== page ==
An internal hernia is the protrusion of a viscus through a normal or abnormal opening within the confines of the abdominal cavity. Internal hernias account for 0.2 to 0.9 per cent of all cases of intestinal obstruction. Paraduodenal hernias are relatively rare congenital malformations and account for 30 to 53 per cent of all internal hernias. They result from incomplete rotation of the midgut, with part of the small intestine trapped posterior to the mesocolon. Right and left paraduodenal hernias are distinct and separate entities, varying not only in anatomic structure but also in embryological origin. Symptoms are often vague, and a high index of suspicion is required to make the diagnosis. This entity should be considered whenever atypical abdominal symptoms are present. ACT scan or barium upper gastrointestinal radiography provides the best preoperative evidence of this condition, although ultrasonography and plain films are also useful. Elective repair of such a hernia should always be performed to avoid bowel incarceration or strangulation. An understanding of the anatomy of these hernias facilitates the surgery and is necessary in decreasing the likelihood of complications. Careful reduction of the hernia and surgical repair will avoid injury to the major mesenteric vessels juxtaposed to the hernial orifice. The surgical management of three patients, who were diagnosed preoperatively with this condition, is described with a review of its pathogenesis and present surgical treatment.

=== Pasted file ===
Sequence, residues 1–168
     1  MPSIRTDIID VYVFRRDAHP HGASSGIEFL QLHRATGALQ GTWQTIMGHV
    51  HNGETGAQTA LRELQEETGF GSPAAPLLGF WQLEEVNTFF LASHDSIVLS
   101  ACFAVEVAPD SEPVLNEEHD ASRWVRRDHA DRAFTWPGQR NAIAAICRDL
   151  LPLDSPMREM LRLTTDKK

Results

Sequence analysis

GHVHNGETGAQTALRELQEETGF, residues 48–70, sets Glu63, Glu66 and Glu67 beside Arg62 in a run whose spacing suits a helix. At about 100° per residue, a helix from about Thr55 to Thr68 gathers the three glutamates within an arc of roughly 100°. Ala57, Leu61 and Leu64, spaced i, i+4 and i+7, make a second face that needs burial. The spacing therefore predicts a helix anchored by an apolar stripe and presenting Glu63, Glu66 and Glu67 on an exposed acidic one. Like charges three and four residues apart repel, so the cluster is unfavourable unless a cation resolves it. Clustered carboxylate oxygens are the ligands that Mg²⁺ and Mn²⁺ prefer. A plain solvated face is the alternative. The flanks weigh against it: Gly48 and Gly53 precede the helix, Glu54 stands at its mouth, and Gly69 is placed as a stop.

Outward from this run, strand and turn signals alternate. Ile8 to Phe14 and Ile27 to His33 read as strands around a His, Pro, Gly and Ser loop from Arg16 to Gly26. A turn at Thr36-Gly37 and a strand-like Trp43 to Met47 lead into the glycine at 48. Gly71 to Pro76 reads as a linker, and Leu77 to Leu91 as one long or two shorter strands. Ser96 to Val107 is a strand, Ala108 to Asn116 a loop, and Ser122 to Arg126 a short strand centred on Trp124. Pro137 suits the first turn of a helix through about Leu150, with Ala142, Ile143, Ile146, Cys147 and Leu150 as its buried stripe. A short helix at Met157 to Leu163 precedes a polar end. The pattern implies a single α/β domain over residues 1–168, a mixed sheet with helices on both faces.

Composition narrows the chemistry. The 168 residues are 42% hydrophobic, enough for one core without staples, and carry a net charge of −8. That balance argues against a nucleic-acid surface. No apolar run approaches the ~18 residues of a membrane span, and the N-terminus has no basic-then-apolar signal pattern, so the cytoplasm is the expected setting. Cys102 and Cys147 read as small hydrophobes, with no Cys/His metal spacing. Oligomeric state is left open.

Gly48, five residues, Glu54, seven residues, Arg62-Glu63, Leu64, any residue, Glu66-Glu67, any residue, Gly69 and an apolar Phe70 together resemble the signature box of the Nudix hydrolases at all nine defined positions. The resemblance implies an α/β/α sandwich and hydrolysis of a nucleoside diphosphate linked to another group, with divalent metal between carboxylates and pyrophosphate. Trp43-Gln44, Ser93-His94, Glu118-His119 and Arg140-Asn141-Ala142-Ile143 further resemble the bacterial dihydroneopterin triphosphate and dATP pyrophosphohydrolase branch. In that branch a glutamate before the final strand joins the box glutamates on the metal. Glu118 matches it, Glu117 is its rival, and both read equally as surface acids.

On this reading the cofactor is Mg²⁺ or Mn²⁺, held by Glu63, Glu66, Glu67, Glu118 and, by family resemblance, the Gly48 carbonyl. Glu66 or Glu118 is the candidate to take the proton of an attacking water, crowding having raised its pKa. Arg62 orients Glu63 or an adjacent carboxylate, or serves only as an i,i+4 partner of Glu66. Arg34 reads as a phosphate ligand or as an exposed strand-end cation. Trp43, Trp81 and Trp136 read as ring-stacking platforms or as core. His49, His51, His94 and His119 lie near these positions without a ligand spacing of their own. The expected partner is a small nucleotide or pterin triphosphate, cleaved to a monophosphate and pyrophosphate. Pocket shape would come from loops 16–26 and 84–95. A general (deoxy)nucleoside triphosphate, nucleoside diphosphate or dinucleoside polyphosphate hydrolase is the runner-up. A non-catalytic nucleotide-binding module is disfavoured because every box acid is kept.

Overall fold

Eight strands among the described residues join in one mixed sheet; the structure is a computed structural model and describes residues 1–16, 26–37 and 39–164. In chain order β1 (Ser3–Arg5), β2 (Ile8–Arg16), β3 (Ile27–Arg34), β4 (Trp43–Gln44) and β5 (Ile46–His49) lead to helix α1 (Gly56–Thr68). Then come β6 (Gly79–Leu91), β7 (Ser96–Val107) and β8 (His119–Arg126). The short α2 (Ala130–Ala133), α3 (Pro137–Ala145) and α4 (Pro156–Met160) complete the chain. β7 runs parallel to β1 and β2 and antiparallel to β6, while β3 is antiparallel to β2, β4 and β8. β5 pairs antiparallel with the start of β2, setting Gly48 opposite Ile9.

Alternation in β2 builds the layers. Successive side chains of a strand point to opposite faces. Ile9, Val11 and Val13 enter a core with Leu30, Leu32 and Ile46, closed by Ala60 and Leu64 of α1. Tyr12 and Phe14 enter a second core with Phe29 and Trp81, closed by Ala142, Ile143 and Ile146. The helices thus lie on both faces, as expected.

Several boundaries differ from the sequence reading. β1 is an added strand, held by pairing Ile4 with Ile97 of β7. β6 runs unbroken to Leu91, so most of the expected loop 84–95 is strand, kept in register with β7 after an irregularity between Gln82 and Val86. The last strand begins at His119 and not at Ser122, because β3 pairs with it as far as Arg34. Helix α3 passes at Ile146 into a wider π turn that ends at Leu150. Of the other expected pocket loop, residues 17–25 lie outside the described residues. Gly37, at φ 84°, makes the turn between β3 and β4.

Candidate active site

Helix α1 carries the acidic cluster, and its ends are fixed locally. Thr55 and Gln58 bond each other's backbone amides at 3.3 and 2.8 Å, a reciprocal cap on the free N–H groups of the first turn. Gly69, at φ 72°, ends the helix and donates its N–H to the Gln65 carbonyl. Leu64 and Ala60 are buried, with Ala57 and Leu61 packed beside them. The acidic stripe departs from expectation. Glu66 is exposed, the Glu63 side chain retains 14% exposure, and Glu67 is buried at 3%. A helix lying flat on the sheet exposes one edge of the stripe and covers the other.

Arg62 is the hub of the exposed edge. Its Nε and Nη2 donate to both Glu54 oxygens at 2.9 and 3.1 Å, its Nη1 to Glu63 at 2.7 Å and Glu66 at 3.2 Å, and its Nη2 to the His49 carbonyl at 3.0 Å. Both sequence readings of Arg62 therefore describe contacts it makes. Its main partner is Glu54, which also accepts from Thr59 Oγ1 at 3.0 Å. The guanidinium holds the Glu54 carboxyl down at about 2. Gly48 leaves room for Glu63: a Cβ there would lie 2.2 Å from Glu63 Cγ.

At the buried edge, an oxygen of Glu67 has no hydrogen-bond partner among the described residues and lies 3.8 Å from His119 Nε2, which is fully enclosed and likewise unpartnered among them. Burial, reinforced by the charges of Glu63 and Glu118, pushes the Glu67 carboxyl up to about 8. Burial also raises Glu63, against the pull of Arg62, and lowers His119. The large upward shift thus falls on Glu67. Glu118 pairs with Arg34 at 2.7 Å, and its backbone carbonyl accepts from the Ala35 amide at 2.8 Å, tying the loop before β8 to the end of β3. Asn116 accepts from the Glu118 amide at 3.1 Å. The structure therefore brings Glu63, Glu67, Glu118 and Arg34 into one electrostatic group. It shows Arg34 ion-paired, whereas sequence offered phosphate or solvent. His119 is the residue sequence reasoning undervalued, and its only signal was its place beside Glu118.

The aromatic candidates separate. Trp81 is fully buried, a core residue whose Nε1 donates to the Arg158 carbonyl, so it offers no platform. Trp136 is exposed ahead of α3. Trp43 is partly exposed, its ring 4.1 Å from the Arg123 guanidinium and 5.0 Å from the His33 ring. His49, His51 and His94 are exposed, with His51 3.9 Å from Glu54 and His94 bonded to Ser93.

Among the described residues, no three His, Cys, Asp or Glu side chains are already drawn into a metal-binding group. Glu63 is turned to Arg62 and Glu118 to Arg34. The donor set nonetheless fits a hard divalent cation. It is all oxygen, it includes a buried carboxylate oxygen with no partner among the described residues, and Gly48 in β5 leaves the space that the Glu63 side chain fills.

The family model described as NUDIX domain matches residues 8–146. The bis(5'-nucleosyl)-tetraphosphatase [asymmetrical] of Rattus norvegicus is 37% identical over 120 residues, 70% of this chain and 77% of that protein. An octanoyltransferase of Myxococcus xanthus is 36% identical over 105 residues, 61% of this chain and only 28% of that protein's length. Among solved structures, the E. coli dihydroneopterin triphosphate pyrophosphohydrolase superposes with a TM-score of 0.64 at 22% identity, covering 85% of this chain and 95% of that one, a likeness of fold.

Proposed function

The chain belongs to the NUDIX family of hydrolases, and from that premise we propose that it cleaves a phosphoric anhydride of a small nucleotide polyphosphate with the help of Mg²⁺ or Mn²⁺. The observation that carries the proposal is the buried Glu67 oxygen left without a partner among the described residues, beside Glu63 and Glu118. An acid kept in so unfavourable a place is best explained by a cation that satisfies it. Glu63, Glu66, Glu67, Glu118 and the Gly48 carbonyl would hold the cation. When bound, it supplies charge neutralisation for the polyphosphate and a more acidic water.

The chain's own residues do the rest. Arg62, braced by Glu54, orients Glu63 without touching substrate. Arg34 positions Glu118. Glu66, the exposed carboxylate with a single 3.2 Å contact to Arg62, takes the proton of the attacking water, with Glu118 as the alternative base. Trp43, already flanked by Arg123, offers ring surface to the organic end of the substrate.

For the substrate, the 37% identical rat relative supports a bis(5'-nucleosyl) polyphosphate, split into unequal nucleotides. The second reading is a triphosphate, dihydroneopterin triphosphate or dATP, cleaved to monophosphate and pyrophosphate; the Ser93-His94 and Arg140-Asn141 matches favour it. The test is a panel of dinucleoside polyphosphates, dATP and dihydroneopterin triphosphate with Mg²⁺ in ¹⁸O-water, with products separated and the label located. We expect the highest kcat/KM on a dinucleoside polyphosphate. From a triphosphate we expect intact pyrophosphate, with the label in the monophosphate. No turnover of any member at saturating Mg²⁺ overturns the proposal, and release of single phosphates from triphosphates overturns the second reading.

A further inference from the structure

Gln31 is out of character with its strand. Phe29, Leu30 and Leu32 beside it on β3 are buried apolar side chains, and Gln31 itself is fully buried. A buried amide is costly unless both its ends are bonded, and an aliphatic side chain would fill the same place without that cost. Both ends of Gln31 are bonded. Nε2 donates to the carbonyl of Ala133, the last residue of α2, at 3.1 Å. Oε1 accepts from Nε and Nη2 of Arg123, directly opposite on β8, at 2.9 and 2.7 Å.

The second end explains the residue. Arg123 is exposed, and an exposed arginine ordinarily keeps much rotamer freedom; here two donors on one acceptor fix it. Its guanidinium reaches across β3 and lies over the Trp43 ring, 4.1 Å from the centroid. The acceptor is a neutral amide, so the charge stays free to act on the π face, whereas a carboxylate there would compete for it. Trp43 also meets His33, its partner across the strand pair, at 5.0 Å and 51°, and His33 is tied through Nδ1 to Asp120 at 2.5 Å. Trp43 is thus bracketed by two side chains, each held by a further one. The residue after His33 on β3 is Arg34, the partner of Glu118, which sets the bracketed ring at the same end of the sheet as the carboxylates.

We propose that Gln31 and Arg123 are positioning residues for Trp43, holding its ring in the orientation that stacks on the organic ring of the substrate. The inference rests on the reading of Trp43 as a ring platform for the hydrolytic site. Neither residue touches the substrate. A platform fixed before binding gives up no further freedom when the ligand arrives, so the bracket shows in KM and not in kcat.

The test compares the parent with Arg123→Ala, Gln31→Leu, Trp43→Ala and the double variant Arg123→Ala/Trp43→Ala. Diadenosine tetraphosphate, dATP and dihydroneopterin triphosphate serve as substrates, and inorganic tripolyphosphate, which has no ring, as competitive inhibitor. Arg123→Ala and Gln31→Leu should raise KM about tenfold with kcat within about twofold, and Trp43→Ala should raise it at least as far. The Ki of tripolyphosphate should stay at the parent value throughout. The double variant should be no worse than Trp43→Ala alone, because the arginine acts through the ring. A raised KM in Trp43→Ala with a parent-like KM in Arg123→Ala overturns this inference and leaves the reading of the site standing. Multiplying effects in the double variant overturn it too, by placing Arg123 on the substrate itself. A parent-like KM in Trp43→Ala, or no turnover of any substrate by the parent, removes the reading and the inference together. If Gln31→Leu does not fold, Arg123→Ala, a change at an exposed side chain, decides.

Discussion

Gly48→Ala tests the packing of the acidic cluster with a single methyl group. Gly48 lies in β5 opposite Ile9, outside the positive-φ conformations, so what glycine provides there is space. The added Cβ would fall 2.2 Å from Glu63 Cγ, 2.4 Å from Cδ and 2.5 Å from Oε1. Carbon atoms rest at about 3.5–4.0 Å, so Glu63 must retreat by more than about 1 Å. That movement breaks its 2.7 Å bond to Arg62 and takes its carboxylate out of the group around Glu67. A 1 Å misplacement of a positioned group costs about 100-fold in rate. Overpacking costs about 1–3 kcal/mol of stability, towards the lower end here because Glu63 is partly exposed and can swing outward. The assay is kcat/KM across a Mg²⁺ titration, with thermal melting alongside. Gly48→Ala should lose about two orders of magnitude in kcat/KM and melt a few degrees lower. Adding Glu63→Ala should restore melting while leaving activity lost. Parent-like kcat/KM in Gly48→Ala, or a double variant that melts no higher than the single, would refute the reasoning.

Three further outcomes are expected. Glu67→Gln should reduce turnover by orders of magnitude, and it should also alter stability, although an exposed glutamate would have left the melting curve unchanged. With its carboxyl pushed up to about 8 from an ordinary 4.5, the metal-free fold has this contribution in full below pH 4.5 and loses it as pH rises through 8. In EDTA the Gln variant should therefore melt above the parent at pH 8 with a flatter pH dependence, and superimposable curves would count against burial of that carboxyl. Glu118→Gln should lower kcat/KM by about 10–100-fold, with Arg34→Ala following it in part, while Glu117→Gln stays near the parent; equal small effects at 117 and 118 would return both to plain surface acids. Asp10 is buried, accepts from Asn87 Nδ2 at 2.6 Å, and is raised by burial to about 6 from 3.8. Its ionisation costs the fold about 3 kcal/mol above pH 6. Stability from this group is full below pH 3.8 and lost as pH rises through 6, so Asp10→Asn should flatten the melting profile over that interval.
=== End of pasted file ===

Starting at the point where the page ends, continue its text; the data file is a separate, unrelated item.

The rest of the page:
|Original language||English (US)|
|Number of pages||5|
|State||Published - Dec 1 1998|
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